I argued against missionary Spalding as the original source of Wallowa Nez Perce gardens in my last blog post, went on a laborious journey through Spokane House, Spokane Garry, the Church of England, and the fur trade as alternative sources of seeds and irrigation techniques. And then got onto the thought that this all happened with people and players—Hudson’s Bay, the North West Fur Company, David Thompson—who end up being on the Canadian side of history, so do not get attention in standard USA history books.
I think that last line is quite true, but my circuitous argument about Spokane Garry and his time at the Red River School under the Anglicans probably was too much. Friend and long-time historian of the fur trade John Jackson—Children of the Fur Trade—made it all simpler in a brief response to my post:
“The curmudgeon can’t resist pointing out that the early Nor’westers tried planting gardens at places they passed, just in hope something might grow. I think David Thompson even put in some peas, turnips, and barley at the Tobacco Plains on the Kootenay River by 1809 or so. That surely was before Presbyterians at Walla Walla, and Methodists didn’t plant anything until they got to fine land claims in the Willamette Valley.
“Gardening is just a step away from digging roots and tribeswomen were imaginative. The Astorians were not very pleased with the gardens on the lower river but seeds could have found their way upstream. Tribes may have been growing corn or tobacco, although I can’t recall seeing any reference to seeds from the HBC [Hudson’s Bay Company] or NWC [North West Company]. Jack Nisbet [author of Sources of the River, a chronicle of Nisbet’s attempt to follow David Thompson’s travels across Western North America to the Pacific] has some comments on growing tobacco if I recall correctly.”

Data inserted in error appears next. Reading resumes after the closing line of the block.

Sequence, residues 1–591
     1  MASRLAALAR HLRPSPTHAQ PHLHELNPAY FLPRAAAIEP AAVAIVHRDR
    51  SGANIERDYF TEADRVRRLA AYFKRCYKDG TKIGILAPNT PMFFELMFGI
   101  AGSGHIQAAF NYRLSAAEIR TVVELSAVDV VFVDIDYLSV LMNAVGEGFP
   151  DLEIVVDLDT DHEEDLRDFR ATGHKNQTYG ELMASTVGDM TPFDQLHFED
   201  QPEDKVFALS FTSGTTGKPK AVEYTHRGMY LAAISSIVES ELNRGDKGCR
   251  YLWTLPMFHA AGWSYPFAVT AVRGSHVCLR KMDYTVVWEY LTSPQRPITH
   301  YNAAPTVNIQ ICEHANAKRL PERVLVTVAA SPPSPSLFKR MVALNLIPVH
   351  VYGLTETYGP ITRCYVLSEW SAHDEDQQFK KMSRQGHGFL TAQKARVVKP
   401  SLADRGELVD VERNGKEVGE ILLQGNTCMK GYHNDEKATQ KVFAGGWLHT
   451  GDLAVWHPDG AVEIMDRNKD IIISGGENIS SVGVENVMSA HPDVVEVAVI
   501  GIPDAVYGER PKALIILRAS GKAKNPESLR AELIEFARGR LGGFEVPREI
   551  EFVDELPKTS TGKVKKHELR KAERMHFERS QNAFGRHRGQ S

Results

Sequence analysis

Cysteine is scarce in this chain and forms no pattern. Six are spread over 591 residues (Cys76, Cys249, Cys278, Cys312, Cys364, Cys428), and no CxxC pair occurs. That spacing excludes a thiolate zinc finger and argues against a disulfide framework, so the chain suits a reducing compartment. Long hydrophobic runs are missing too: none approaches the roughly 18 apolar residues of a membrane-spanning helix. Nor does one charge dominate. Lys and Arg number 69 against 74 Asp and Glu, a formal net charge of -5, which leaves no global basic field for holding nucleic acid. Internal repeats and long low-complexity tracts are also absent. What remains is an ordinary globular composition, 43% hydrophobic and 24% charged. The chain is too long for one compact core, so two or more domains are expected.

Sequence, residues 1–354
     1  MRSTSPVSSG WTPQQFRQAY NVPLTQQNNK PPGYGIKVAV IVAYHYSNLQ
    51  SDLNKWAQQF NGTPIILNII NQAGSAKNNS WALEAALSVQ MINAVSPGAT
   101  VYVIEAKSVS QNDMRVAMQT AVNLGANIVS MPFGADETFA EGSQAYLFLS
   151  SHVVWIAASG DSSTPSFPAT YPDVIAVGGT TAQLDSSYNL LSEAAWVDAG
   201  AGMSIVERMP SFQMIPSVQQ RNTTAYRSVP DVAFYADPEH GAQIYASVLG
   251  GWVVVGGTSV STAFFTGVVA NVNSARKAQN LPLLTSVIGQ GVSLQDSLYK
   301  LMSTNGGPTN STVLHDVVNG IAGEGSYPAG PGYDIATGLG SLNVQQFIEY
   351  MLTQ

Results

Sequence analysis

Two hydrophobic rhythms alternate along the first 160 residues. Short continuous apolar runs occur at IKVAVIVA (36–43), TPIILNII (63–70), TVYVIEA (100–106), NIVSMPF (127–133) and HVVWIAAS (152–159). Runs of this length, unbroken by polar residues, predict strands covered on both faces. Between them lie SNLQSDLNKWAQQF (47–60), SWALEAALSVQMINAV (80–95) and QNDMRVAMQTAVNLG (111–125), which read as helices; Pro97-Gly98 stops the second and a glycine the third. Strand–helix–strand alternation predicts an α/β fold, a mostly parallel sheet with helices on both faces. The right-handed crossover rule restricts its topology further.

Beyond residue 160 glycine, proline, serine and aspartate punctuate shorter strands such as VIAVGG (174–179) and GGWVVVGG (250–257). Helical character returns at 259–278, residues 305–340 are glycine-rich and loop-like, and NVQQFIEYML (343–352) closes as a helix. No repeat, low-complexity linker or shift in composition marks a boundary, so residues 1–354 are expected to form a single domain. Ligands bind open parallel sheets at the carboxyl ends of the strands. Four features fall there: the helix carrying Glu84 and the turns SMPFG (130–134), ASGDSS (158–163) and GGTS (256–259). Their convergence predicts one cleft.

How right that all sounds. Tobacco was a common trade good, and there is nothing like an addictive crop to spur opportunistic gardening in the territory. And those fur traders returned to their posts again and again—even ones built hastily when they ran out of travel season and hunkered for a winter, so a bit of tobacco or some spuds or turnips planted in spring would be welcome in a fall return to old posts and places.
And ships—Russian, English, Spanish, and French—traveled the Pacific Coast long before missionaries and white settlers came overland. A smallpox epidemic, which probably arrived by sea, killed 30 percent of the indigenous population of what we now call the Pacific Northwest in the 1770s. Seeds surely could have traveled the same routes. And once ashore, might have made it to the big fishing and trading grounds at Celilo along with the dentalia so popular in Indian adornment. And from Celilo—anywhere!
So my Jackson informed guesses are: 1. that the Nez Perce gardens on the Grand Ronde River owed somehow to the fur traders; 2. that missionaries kept more notes and diaries than did fur traders—and were better marketers of their exploits; how central Whitmans and Spaldings are to the standard Northwest narrative; 3. that Indian trade networks were extensive and that goods moved up and down the Columbia and across the West way before the Whitmans and Spaldings–so seeds and gardening knowledge were traveling in many directions by the time of the Ws and Ss; and 4. that in this case as in many others we neglect the people and events that were important in their time in the Oregon Territory, but ended up on the Canadian side of the narrative of North American history.
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